“We Don’t Need Their Money”
Doug Malewicki: New Orleans is very interested, I’ve been to Sweden. Sweden seems to really understand what this type of technology can do for reducing energy requirements, moving people, totally eliminating traffic congestion. We also went to Abu Dhabi; my two business buddies – partners. And they have this future of the city Mazdar being built. Now, we didn’t win that, and I was almost happy because they’re talking like a 14-mile per hour system that’s also going to carry freight and garbage and everything else like that. That’s not my goal. My goal is solving the commuter congestion problem and moving people around the city and getting dad home early – a lot faster, a lot saner, and a lot safer. We haven’t talked about safety, but safety is a big issue when you’re talking this kind of computer controlled technology.
Cities in the U.S., we’re talking to Santa Cruz is interested, Marin County, New Orleans looks very interested, NASA Aims, where we have our short little powered prototype, full-size prototype is going to create an innovation university and we may be a little feeder from the Cal Train to all over the campus there which will be a good test thing going. We’ll be running 25 mph for a year, and then the next system will be the 35 mph system, and we’ll keep building that up. There’s inquiries from all over. It’s just how many are real.
Question: How would you go about integrating Sky Tran into a current transportation system?
Doug Malewicki: We are looking into becoming like feeders for light rail. So, here’s my system, or going 40-50 mph in the beginning to feed a system that will take people around at 15 or 17 mph. We also make a lot of sense for the future for airports, to take people right to their gates. You pop in luggage in another vehicle and it would take you right there.
One of the real good future things is, say you’re going to Florida, you get on in New York, you fly down to Florida, you checked your baggage in, in New York, you never have to see it again. It’s gong to appear in your hotel. The Sky Tran Micro Freeway is so inexpensive, we could run it – once you get off the airport in Florida to 50 different hotels. And you’d get out at your gate, within 200 feet, you’d be on the Sky Tran and boom, you’d be in your hotel you picked, and your luggage might already be there, or it might be there 10 minutes later. That’s the future that I’ve always seen for this type of a system.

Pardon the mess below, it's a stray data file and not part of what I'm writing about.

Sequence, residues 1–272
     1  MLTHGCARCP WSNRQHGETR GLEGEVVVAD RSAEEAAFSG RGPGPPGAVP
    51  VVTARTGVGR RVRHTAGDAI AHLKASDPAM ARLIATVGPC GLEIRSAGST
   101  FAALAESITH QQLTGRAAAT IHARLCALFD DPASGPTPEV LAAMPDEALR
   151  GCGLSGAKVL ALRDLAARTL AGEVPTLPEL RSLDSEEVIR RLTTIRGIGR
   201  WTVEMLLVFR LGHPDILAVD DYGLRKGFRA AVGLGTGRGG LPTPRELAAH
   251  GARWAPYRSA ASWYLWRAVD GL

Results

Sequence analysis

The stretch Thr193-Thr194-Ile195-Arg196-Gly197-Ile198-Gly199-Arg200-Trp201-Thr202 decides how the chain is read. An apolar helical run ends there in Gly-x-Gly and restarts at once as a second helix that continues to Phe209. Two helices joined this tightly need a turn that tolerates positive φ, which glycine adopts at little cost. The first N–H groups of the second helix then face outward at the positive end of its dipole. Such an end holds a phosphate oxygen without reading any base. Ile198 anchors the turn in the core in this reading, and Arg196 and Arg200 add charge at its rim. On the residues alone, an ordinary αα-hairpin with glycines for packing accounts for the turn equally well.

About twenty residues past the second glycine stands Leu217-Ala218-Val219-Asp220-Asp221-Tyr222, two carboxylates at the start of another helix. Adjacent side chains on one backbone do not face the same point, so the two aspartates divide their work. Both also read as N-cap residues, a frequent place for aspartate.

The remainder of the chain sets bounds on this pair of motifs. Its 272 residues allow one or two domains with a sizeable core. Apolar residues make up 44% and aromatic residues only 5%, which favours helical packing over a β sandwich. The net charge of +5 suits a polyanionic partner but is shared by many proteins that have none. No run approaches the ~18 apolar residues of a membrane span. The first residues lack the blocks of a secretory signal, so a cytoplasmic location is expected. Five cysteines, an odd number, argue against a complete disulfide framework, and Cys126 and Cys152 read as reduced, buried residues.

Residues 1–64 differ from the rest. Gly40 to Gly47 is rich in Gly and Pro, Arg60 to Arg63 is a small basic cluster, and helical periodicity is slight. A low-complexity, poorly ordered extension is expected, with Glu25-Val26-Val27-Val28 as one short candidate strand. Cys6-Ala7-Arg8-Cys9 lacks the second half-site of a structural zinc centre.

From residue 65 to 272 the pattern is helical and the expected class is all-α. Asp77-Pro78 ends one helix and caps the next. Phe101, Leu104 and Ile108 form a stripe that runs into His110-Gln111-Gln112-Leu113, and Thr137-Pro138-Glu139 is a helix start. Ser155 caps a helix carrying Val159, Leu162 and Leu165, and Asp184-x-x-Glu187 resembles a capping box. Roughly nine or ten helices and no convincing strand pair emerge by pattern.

Question: What should be the role of policymakers in this undertaking?
Doug Malewicki: We don’t need their money. This should be a private enterprise. We just don’t need the special interests protection 1900’s train technologies like it’s the ultimate forever. Everything can be improved forever. We’re trying to do that, baby. It is so logical. The computer technology, the aerodynamics, the composite structures, the control systems, the user interface, it’s all well understood. It could have been done 15 or 10 years ago, easily. So, it just takes a while for people to grasp it. They’ll probably be scared of it the first couple of years; the teenagers will love it right off the bat; the iPhone kids. And little by little it’ll open up a lot of things. Younger people will be able to go places with ease. Older, more frail people who don’t have a driver’s licenses anymore can go places. Emergency medical service. Bam. One hundred mph into the Emergency Room directly when you have a problem. All kinds of things you have to spend a lot of time understanding all the implications of what this kind of a transportation system can provide.
Why government funding isn’t necessary to back up the scientist’s vision for the future of transportation.
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The results come from a 15-year study that used ultrasound scans to track blood vessels in middle-aged adults starting in 2002.
- The study measured the stiffness of blood vessels in middle-aged patients over time.
- Stiff blood vessels can lead to the destruction of delicate blood vessels in the brain, which can contribute to cognitive decline.
- The scans could someday become a widely used tool to identify people at high risk of developing dementia and Alzheimer's.
What defines a dark horse? The all-important decision to pursue fulfillment and excellence.
When we first set the Dark Horse Project in motion, fulfillment was the last thing on our minds. We were hoping to uncover specific and possibly idiosyncratic study methods, learning techniques, and rehearsal regimes that dark horses used to attain excellence. Our training made us resistant to ambiguous variables that were difficult to quantify, and personal fulfillment seemed downright foggy. But our training also taught us never to ignore the evidence, no matter how much it violated our expectations.
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